Pilonidal cyst surgery requires special expertise
DEAR DR. ROACH: I am writing because my son had a pilonidal cyst removed in March of 2010, almost three years ago. For the first six months, I kept the area clean and free of hair. After six months passed, the surgeon referred him to the wound clinic. He has had many different treatments for the wound, but it still hasn't healed. I am tired of cleaning the wound in between his visits to the wound center. He feels that everything and everybody is against him. He is only 21, and this operation has already robbed him of three years of his life. I hope you have some type of solution for us, because we are at the end of our ropes. -- B.A.
ANSWER: This is not the first time I have seen this. The operation on a pilonidal cyst is a difficult surgery, and this is one surgery where it pays to search far and wide for a person who has done the most operations and who has had good outcomes. In the teaching institutions where I have trained and worked, it usually has been a plastic surgeon, but it depends on where you are.
Since this hasn't healed in so long, I strongly suspect there is an anatomical problem that will need to be corrected surgically. Surgeons often are reluctant to operate on people who have previously been operated on by someone else. However, the time is long overdue for a consultation with an expert. Find the best teaching hospital nearby -- many have websites where you can look up expertise by surgical problem. Otherwise, you can call the referral line almost all hospitals have now, and ask who has special expertise in pilonidal cysts. I can understand how you would be reluctant to undergo surgery again, but I think you need to consider it.
DEAR DR. ROACH: I am 66 years old and have high blood pressure, diabetes and high cholesterol. To keep them in control, I have to take enalapril, metformin and Crestor. Please let me know if I can take them at prescribed times all together, or if I should give some time gap between each medicine. If so, how much of a time gap is ideal? -- J.M.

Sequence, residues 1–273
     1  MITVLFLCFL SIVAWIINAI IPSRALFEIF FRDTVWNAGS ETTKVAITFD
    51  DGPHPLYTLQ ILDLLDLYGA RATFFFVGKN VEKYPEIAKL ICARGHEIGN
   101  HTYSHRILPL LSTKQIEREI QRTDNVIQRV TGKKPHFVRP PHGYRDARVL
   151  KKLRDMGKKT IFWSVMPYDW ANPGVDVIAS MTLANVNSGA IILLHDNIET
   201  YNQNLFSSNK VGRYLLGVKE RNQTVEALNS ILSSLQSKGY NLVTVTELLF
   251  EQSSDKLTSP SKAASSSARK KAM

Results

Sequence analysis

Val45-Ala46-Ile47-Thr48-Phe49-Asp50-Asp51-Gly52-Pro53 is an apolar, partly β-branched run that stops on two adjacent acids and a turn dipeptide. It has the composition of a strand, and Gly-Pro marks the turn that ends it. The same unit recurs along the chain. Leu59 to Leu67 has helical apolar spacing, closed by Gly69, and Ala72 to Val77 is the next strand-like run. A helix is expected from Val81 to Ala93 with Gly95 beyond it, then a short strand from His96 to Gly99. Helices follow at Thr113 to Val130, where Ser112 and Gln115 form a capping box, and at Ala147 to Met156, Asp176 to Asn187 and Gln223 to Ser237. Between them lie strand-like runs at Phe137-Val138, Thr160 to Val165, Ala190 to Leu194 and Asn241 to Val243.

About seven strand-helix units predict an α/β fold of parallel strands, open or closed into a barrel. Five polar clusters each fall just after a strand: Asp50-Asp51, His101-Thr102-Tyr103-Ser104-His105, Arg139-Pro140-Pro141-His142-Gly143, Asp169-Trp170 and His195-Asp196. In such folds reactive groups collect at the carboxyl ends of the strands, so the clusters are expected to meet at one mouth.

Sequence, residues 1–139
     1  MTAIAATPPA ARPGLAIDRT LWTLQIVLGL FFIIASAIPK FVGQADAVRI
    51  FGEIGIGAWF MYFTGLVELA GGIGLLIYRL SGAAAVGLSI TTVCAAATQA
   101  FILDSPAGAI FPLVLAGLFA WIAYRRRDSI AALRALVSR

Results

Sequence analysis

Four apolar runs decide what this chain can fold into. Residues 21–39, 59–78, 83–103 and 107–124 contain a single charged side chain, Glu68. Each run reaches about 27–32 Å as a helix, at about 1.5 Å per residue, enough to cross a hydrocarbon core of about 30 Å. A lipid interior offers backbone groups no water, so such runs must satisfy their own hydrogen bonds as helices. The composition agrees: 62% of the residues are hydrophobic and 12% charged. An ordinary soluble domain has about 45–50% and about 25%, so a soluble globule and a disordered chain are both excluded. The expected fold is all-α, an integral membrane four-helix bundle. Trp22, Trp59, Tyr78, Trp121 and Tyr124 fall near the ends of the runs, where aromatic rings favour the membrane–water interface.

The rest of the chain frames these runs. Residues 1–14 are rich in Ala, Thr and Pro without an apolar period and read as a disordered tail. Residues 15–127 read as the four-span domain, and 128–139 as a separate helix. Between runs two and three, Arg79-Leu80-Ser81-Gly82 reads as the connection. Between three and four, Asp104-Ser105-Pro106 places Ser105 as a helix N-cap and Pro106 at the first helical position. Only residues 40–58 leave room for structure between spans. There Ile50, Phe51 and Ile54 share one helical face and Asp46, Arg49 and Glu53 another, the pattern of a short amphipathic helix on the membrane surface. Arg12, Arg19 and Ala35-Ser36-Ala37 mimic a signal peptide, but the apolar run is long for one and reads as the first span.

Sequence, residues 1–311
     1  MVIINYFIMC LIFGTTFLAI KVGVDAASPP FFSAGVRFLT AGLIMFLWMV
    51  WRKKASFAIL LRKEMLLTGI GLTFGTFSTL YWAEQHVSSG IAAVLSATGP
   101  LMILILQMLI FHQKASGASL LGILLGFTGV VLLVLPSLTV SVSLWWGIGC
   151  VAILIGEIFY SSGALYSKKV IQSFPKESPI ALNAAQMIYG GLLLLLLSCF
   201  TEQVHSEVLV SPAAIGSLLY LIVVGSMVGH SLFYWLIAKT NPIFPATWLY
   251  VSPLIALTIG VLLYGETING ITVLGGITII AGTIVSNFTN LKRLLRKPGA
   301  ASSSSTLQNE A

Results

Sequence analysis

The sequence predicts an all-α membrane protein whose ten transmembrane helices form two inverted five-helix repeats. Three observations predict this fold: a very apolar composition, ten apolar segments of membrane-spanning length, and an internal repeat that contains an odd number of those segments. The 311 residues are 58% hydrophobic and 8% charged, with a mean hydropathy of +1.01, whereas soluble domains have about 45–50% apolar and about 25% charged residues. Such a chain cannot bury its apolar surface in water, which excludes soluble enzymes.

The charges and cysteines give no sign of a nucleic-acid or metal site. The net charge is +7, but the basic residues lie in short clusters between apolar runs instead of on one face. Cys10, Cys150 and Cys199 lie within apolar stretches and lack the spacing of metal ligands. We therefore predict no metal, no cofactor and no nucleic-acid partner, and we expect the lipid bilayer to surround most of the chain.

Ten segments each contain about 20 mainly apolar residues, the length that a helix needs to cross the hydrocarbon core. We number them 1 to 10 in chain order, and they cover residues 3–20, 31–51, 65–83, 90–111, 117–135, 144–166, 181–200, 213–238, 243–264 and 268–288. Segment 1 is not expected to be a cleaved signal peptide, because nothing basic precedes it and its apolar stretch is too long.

ANSWER: Most medicines can be taken together safely. Some medicines are better at certain times of the day. Enalapril is usually best when taken in the morning, Crestor in the evening. However, the difference often is subtle, and taking it the same time each day is the most important thing. Metformin usually is taken just before or while eating. Your pharmacist is probably the best source of information on this subject.
DEAR DR. ROACH: I am 72, and have had generalized fatigue. My testosterone level was 150. My prostate exam showed slight enlargement, and my PSA has always been normal. The urologist is ready to put me on testosterone gel. What are your thoughts? -- S.B.
ANSWER: Testosterone replacement for men is a hot topic now. Many men are deficient in testosterone, and it can cause symptoms, including fatigue and lack of sexual desire. Normal values are typically 260-1080. With your complaint about fatigue, I think it's definitely worth a try.
Testosterone increases PSA levels, but the risk of prostate cancer is low. Testosterone should not be used in someone who has had prostate cancer.
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Dr. Roach regrets that he is unable to answer individual letters, but will incorporate them in the column whenever possible. Readers may email questions to ToYourGoodHealth@med.cornell.edu or request an order form of available health newsletters or mail questions to P.O. Box 536475, Orlando, FL 32853-6475. Health newsletters may be ordered from www.rbmamall.com.
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